Those years on either side of the turn of the twentieth century were a heyday for illustrators. Newspapers and magazines had not yet perfected the translation of a photograph to the printed page, so everything from articles to editorials required the skilled hand of an artist to depict and often interpret the news. They all developed their own styles—Zim may have originated the grotesque caricature, Erin notes. Cartoonists like Zim became superstars of the day, along with others—like R.L. “Believe it or Not” Ripley, and Walt Disney—in an even larger way. Some, like Disney, went into animation. Others drew the political cartoons and the comic strips that were sometimes collectively referred to as “the funnies.” Many augmented their income by teaching art; Zim also created a twenty-booklet correspondence course and took great interest in his students.
In 1886 Zimmerman married Mabel Alice Beard and they moved to Brooklyn. In 1888 he suffered a “nervous collapse” and had a prolonged recovery in Florida, one of the few times he left New York State. Two other noteworthy things happened that year—Mabel gave birth to Laura, their only child, and Zimmerman began working with Mabel’s father, a professional carpenter, to construct the home he designed in Horseheads. As soon as the house was habitable, the family moved in. He remained invested in the village for the rest of his life, taking the train to New York City once every fortnight for editorial meetings, then returning to work in his Horseheads home.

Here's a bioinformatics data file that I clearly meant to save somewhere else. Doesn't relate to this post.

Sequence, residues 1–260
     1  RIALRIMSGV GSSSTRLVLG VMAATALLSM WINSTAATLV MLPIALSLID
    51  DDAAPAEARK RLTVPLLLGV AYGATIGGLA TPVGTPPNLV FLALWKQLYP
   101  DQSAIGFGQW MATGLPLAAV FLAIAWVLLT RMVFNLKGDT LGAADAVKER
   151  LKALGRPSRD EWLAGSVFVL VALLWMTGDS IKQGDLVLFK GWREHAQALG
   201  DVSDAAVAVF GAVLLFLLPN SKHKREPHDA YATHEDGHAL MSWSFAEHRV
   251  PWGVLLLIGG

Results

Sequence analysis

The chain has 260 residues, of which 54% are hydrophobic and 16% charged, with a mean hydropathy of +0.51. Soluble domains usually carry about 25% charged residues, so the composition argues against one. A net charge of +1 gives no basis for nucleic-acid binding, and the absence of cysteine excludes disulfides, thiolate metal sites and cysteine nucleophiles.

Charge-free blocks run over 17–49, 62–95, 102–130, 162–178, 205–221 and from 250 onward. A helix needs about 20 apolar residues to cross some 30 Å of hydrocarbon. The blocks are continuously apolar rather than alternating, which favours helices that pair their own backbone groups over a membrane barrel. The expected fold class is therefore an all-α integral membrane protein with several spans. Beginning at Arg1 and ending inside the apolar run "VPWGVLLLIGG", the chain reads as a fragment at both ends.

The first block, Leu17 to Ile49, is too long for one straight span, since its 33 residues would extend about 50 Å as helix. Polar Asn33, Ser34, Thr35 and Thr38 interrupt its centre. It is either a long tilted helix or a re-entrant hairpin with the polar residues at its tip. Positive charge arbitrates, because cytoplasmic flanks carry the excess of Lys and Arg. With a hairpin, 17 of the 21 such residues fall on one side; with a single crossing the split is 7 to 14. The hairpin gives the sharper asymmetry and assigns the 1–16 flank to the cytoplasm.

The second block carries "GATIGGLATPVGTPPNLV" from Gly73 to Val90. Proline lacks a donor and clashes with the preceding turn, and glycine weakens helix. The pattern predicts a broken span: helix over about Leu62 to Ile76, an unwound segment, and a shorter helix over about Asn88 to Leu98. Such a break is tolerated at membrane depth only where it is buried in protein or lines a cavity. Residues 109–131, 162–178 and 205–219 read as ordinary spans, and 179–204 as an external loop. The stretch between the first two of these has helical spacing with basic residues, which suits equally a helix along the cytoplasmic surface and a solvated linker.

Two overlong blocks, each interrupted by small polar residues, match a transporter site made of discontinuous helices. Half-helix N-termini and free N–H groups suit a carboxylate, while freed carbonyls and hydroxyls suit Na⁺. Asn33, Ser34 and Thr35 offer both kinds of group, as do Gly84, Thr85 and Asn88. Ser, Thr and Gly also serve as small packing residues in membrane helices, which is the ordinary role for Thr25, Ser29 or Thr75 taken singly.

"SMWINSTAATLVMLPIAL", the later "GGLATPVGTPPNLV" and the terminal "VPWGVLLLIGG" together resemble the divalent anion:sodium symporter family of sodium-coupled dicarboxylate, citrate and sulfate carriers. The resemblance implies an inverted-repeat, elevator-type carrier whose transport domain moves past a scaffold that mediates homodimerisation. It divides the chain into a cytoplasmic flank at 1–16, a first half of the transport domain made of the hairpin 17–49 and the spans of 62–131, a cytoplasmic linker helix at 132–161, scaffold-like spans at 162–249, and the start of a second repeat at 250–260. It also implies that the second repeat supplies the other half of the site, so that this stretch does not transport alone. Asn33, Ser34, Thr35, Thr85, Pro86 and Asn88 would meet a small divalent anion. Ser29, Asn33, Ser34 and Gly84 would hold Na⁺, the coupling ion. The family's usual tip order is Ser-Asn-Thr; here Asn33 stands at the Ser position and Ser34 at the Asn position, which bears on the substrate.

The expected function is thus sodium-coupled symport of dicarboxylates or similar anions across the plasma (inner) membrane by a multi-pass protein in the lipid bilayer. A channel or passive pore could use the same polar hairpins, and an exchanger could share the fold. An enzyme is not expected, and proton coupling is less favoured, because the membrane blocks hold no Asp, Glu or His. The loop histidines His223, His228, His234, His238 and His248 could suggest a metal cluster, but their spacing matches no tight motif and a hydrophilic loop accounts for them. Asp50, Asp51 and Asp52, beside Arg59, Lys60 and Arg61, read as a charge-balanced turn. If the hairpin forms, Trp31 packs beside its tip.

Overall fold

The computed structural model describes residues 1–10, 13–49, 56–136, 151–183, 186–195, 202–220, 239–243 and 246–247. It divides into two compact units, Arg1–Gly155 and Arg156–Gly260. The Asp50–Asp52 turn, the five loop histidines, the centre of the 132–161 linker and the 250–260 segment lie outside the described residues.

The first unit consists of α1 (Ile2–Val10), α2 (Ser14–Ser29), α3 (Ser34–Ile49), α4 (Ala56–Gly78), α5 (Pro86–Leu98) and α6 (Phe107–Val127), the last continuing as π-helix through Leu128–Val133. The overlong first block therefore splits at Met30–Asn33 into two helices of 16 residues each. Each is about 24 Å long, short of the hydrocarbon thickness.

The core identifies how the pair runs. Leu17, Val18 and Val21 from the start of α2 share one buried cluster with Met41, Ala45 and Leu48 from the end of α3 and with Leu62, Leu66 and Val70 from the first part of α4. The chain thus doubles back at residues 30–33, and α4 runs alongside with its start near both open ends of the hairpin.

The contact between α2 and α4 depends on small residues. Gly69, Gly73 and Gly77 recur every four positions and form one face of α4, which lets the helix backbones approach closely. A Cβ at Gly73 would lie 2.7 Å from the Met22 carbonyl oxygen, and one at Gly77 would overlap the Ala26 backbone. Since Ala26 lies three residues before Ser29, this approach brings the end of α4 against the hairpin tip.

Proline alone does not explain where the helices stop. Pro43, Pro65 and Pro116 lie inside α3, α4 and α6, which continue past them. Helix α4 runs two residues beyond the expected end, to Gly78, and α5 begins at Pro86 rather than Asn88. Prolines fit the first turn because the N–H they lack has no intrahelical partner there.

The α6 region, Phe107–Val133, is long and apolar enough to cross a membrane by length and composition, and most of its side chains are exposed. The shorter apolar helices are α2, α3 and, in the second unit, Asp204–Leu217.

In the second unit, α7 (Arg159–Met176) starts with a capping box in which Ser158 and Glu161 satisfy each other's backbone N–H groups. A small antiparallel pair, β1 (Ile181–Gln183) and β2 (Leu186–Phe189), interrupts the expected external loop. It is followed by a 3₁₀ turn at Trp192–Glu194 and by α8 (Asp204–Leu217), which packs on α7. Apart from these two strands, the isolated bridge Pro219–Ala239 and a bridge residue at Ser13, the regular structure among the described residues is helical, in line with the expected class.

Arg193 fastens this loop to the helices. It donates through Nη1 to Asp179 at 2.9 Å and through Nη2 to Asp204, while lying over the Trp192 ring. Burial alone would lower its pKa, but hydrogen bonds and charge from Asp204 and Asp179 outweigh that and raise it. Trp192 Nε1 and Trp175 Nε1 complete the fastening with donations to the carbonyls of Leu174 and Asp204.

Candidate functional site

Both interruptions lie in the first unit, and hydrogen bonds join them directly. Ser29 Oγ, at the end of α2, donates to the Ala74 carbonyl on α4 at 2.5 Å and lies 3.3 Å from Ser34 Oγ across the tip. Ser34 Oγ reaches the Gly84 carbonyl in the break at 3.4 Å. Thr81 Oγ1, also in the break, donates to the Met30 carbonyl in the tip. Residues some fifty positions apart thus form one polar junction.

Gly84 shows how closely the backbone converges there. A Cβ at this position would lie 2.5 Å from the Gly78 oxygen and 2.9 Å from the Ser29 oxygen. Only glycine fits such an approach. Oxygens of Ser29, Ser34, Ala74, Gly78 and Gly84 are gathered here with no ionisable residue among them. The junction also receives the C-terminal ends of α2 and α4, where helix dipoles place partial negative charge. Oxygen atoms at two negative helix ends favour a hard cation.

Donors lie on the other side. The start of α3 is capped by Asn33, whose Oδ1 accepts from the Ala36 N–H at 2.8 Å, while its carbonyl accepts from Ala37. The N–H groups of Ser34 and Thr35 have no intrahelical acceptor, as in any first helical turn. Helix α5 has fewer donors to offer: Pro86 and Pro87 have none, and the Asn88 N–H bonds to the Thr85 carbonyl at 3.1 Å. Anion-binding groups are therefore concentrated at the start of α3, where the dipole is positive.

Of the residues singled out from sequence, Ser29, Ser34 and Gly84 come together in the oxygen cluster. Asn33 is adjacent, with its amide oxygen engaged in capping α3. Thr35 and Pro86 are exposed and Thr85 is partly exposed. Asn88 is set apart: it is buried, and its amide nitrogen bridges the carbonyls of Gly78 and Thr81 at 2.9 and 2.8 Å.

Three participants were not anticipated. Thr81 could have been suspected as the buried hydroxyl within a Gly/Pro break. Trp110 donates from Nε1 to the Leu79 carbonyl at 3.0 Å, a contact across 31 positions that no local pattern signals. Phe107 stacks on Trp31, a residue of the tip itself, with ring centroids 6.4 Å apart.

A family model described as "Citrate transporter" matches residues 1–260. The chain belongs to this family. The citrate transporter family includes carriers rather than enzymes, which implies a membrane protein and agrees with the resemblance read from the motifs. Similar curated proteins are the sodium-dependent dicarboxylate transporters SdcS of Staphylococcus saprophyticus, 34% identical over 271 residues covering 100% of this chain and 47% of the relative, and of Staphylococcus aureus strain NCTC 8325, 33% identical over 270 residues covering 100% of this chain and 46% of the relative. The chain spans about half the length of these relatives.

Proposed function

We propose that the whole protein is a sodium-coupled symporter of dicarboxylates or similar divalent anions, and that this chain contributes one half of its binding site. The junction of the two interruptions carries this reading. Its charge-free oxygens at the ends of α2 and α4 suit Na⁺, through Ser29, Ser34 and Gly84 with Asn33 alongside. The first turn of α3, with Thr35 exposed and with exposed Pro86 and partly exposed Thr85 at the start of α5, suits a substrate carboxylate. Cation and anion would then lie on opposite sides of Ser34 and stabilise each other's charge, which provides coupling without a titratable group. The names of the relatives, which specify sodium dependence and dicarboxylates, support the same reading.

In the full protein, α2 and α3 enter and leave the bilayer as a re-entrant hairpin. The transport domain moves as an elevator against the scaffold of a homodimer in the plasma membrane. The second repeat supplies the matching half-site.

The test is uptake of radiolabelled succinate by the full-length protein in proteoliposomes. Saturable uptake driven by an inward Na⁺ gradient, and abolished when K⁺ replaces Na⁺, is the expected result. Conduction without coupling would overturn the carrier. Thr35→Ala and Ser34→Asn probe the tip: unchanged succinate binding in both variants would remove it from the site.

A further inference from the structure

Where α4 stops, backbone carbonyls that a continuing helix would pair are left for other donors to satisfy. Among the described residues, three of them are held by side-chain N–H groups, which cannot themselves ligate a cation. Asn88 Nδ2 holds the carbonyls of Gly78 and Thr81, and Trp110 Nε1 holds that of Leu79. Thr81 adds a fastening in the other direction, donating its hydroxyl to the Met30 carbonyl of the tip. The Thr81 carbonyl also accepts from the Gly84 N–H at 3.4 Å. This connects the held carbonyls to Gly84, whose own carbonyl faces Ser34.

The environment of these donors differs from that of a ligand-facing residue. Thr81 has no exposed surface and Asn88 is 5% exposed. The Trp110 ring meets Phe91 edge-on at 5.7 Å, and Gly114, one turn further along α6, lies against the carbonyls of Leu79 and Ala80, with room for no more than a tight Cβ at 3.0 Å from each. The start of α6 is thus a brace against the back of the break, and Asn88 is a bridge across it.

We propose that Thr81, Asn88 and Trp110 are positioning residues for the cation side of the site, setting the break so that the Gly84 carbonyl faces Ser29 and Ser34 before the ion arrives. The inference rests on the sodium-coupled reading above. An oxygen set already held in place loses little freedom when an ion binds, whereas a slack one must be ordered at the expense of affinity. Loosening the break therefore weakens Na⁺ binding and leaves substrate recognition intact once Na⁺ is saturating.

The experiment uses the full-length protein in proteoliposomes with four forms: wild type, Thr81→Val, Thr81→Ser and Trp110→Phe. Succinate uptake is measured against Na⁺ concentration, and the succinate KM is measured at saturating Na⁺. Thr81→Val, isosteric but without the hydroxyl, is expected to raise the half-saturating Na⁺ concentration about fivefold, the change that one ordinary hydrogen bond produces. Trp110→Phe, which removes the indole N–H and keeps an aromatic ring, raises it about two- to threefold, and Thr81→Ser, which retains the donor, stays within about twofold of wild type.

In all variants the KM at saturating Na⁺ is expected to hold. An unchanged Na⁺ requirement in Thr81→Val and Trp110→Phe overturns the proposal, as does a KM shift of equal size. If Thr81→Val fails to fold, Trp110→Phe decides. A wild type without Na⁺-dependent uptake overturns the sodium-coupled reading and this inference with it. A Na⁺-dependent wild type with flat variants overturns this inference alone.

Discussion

Almost eighty-five years after his death, he’s still remembered fondly in the village for his devotion to the fire company and the bandstand he designed and built with his father-in-law in Teal Park, a few blocks from his house. It’s still in use today as a bandstand. As evidenced by the music room in his house, and a musician’s gallery above the living room, Zim adored music, though not blessed with musical talent himself. In fact, many of his neighbors were entirely unaware of his artistic talents or his fame. He’s recalled as a kindly man who reached out to other artists and delighted in sharing his skills and often the money needed to purchase art supplies for gifted children.